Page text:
The brutal January cold snap we’re in the midst of, combined with insufficient pipeline capacity caused by New England’s increased dependency on natural gas, has put a historic strain on the power grid in New England, so much so that Public Service Company of New Hampshire has fired up literally all of its power generating plants, including generators powered by jet fuel. Utility officials say the power grid’s governing body I S O New England asked P S N H to fire up all of their larger power-generating facilities at Merrimack Station in Bow, Schiller Station in Portsmouth, Newington Station, as well as infrequently-used combustion turbine facilities, those are the ones that use jet fuel, at Merrimack Station, Lost Nation in Groveton, and White Lake in Tamworth for an extended period of time. The utility said it’s rare when they start the jet fuel turbines and they do so only for very brief periods of time, not the fifteen hours I S O requested a day in advance. They don’t think that request has ever been made. The reason for the request is that seventy five percent of the region’s natural gas fueled power plants were taken off line, either because of inadequate supply to run them or sky high costs. Natural gas prices experienced a massive spike, going up ten fold. P S N H, which has been criticized for continuing to own power generation facilities, it’s the last utility in New England to own its own power plants, and for having coal and oil fired plants, said their facilities are performing well, providing necessary power to New Hampshire homes and keeping prices stable. We’ve uploaded their release with all the details. It provides a fascinating look at the dynamics of power production and proves a point P S N H has been warning about through all the criticism: Over reliance on any one method of power production, no matter what it is, is bad.
Casino Free New Hampshire and the Granite State Coalition Against Expanded Gambling are asking for the public’s help to defeat a bill they say will be a disaster for the state. The anti-gambling groups say House Bill sixteen thirty three, known as the Ames Bill, adds a regulatory structure and espouses a one-casino package designed for one company, Millennium Gaming, and one location, Rockingham Park in Salem. They claim arm twisting by Governor Margaret Wood Hassan and the bill’s siren song of revenue has lured several reps who have voted against casinos in the past to reconsider their opposition. Noting gambling revenue declines in Connecticut, New Jersey and New York and a state funded bailout of the casinos in Delaware, they say the state is asking for revenue it won’t get, aggravating already troubling budget problems. We’ve posted their release with their contact information so you can step forward and help keep N’Hampsha N’Hampsha.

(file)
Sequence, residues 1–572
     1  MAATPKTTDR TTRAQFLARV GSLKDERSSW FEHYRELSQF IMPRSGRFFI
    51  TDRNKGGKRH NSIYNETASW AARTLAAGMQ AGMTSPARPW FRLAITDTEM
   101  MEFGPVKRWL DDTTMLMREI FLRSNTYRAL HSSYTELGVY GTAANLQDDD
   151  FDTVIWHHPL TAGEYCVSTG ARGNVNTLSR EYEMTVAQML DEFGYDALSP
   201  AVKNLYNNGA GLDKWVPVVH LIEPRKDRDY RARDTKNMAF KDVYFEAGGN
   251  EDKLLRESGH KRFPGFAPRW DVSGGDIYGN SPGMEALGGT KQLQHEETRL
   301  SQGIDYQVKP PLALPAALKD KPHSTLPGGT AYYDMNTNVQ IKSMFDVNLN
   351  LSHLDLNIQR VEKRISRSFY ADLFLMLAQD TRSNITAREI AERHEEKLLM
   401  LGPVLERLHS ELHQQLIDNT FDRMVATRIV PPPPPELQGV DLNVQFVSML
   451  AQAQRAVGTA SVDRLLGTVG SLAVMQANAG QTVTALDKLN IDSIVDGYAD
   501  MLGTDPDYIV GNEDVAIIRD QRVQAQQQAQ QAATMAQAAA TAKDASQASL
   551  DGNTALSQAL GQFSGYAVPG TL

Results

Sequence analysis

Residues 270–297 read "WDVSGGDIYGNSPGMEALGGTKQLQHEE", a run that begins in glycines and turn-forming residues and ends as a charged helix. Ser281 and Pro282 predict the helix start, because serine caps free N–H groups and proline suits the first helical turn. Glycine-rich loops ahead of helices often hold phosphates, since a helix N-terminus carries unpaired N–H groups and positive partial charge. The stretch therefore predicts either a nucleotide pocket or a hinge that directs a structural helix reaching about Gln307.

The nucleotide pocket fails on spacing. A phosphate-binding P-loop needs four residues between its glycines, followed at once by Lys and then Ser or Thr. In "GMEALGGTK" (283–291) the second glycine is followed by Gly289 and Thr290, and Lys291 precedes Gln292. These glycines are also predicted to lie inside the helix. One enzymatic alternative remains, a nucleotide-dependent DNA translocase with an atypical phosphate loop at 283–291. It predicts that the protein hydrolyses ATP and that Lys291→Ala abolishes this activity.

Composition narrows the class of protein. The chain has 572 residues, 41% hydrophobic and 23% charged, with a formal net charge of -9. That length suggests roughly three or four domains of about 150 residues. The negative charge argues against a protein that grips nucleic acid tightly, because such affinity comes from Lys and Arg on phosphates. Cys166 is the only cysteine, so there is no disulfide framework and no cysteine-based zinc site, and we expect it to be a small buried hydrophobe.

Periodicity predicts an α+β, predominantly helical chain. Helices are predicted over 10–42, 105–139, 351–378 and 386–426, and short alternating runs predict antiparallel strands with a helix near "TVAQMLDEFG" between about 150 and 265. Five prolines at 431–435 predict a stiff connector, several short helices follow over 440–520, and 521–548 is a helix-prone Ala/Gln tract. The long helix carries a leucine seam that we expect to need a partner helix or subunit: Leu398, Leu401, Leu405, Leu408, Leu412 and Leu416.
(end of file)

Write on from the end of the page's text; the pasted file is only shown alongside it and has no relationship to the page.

News from our own backyard continues after this.
Manchester School Superintendent Debra Livingston is asking for patience as the school district continues its bid to develop new academic standards for the city’s schools. Livingston defended their decision to use the Common Core national standards as the basis for their work stating they needed to start somewhere and that there really wasn’t a whole lot of difference between them and the standards New Hampshire had in place beforehand. Assistant Superintendent David Ryan said he chose Dr. Althea Sheaff, the retired Nashua Assistant Superintendent of Schools who aligned that district to Common Core and his former boss, to lead the December workshop on standards was made because he knew her and was comfortable working with her. Both he and Livingston said it was important for the standard writers to become familiar with Common Core because they were to be the basis for the new standard’s development and because, frankly, most of the participants in the process were unfamiliar with what standards generally were, how to read them, how to develop them and how to differentiate them from curriculum. In a rather candid face to face interview yesterday, we were also told that our questions regarding the district-wide standardized tests we received via a Right to Know request were being referred to their K through 5 curriculum specialists and said they were uncertain how long the district had been using the trimester testing, but would research that and get back to me. They claimed that while the tests predated their arrival in the district, not all schools chose to use them, which might explain why we’re hearing from teachers about this never before seen test. We’ll have more on this during the show.
The town of Hooksett may have yet another problem on its hands. A review of the January sixth minutes of the Supervisors of the Checklist meeting shows they’re awaiting proof of citizenship on several voters who have yet to reply to letters sent by the supervisors. Guess this signing the purple piece of paper thing when someone refuses to provide proof of address or identity is working out really great for the state of NH, huh? Weee juusst might have something to say about this, too.
That’s news from our own backyard, Girard at Large hour ___ is straight ahead.